6. Apóyate en Mi Alma 05:50

7. Pedro Navaja (Rubén Blades) 08:09

8. Begin the Beguine (Cole Porter) 07:39

9. Sin Tu Cariño (Rubén Blades / Louie Ramírez) 07:48

10. Rubén’s Medley: Ligia Elena/El Número 6/Juan Pachanga (Rubén Blades / Jerry Masucci / Louie Ramírez) 12:06

11. Patria (Encore) (Rubén Blades) 06:52


Rubén Blades: vocals

Dan Nimmer: piano

Carlos Henriquez: bass

Ali Jackson: drums, tambourine

Ryan Kisor: trumpet

Seneca Black: trumpet

Kenny Rampton: trumpet

Marcus Printup: trumpet

Vincent Gardner: trombone

Chris Crenshaw: trombone

Elliot Mason: trombone

Victor Goines: tenor sax, soprano sax, clarinet, bass clarinet

Ted Nash: alto sax, soprano sax, clarinet, flute, piccolo

Sherman Irby: alto sax, soprano sax, clarinet, flute

Walter Blanding: tenor sax, soprano sax, clarinet

Joe Temperley: baritone sax, bass clarinet

Paul Nedzela: baritone sax, bass clarinet

Eddie Rosado: vocals

Marc Quiñones: percussion

Bobby Allende: percussion

Carlos Padron: percussion

Luba Mason: vocals

Recorded live November 15, 2014, at Jazz at Lincoln Center’s Frederick P. Rose Hall

Executive Producer: Wynton Marsalis
Producer: Carlos Henriquez

Front of House Engineer: David Robinson
Recording Engineers: Rob Macomber for SiriusXM and James P. Nichols
Post Producer and Mixing Engineer: Todd Whitelock
Mixing Assistant: Josh Welshman
Mastered by Mark Wilder Art Direction: Ron Jaramillo
Design: Brian Welesko
Photography: Frank Stewart and Lawrence Sumulong


First-time visitors to New York’s Jazz at Lincoln Center are often surprised, when watching the house band perform, that Wynton Marsalis, its undisputed superstar, is seated in the JALC Orchestra’s back row—just another band member. As far as the trumpeter is concerned, this is a group of equals, one composed of many leaders. One of them, bassist Carlos Henriquez, served as music director when the Panamanian vocal giant Rubén Blades teamed up with the orchestra for a series of shows in November 2014. That performance, which includes numbers penned by Blades and tunes from the Great American Songbook, seriously sizzles.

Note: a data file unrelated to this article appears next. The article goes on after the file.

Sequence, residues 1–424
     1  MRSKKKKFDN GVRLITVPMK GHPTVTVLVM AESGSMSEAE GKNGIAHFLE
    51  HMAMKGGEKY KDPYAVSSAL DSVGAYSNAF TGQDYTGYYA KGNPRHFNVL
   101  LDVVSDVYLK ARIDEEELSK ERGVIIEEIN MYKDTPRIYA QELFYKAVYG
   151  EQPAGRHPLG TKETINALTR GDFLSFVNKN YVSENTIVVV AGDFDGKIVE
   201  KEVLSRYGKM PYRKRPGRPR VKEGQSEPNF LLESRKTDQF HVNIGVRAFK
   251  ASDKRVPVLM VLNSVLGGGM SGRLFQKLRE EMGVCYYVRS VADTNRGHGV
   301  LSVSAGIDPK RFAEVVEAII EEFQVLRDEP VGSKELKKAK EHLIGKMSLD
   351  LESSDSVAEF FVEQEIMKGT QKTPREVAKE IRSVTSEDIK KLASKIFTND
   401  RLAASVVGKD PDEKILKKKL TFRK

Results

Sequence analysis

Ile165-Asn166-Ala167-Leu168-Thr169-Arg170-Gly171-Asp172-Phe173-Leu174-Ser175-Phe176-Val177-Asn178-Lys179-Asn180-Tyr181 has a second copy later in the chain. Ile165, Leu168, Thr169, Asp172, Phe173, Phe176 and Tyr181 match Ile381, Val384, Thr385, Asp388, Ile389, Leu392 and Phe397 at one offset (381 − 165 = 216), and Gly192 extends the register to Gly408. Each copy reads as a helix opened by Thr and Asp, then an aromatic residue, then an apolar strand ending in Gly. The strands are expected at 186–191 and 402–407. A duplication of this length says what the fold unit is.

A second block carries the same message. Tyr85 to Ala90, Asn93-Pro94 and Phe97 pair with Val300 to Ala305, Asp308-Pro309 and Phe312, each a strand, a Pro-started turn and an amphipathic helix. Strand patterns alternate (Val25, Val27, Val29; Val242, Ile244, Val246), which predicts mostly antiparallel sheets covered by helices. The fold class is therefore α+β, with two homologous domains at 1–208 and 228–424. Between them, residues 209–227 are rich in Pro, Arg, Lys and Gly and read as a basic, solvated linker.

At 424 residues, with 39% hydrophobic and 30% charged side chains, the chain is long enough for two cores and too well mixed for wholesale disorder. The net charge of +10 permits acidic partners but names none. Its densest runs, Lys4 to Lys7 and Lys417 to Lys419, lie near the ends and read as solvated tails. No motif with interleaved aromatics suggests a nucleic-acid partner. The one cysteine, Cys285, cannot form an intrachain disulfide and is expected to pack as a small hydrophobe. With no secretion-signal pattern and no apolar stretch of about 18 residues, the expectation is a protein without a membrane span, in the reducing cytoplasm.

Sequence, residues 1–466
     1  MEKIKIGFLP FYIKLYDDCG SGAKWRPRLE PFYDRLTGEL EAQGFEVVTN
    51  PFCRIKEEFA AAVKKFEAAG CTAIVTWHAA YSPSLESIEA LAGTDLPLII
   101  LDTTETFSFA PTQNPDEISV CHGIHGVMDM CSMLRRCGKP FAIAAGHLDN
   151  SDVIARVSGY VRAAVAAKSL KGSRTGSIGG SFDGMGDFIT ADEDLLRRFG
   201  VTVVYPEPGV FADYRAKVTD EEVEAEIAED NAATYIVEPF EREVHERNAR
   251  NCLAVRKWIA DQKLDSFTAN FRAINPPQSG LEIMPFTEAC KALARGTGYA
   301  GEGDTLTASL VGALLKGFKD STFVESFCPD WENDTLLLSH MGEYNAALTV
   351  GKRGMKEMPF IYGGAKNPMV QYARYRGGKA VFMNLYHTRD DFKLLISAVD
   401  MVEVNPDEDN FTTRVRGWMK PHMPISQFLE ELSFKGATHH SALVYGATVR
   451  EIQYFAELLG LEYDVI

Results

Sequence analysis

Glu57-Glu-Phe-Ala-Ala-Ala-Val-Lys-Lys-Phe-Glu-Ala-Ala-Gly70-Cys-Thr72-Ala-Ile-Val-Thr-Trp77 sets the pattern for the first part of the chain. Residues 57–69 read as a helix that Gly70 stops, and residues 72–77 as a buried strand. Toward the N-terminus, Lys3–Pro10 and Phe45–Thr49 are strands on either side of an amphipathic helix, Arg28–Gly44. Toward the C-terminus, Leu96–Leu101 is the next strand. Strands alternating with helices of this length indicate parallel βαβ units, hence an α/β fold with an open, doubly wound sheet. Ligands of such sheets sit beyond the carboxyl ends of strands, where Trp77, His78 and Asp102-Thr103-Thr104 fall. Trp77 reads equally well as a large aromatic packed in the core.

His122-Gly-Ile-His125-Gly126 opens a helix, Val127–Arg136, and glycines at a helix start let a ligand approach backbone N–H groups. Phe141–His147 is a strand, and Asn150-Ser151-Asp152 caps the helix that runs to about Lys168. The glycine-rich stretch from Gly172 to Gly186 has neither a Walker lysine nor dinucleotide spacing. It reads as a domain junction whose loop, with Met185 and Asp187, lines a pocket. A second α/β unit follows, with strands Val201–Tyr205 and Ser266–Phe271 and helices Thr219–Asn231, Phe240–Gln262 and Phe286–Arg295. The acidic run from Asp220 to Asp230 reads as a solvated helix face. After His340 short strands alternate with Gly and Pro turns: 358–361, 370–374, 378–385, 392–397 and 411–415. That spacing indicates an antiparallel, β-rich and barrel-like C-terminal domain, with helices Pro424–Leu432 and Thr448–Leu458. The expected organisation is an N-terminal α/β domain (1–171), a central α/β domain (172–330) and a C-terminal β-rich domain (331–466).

Marsalis, of course, is present—he’s the featured soloist on the first and final songs of the set, “Ban Ban Quere” and “Patria,” the former written by Calixto Varela Gomez and the latter by Blades. Several other members of the JLCO step out front at various times throughout the course of the evening; soprano saxophonist Victor Goines adds a dollop of sensuality to the already luxuriant ballad “Apóyate En Mi Alma” and four of the group’s drums/percussion battery blast off on the Blades medley that closes out the set proper.

But however consistently exciting and flawless the big band is, it’s Blades himself who dominates. His command as a vocal stylist, singing first in English and then in Spanish, is beyond reproach. On the Jimmy McHugh-Dorothy Fields chestnut “I Can’t Give You Anything but Love,” he rides the orchestra’s swing with effortlessness, hears out the solos, then decides to take matters into his own hands, directing the various elements until it’s become one churning rhythm machine. Midway he stops to exclaim, “Yeah! Yeah!” and you know just where he’s coming from.

Jeff Tamarkin (JazzTimes)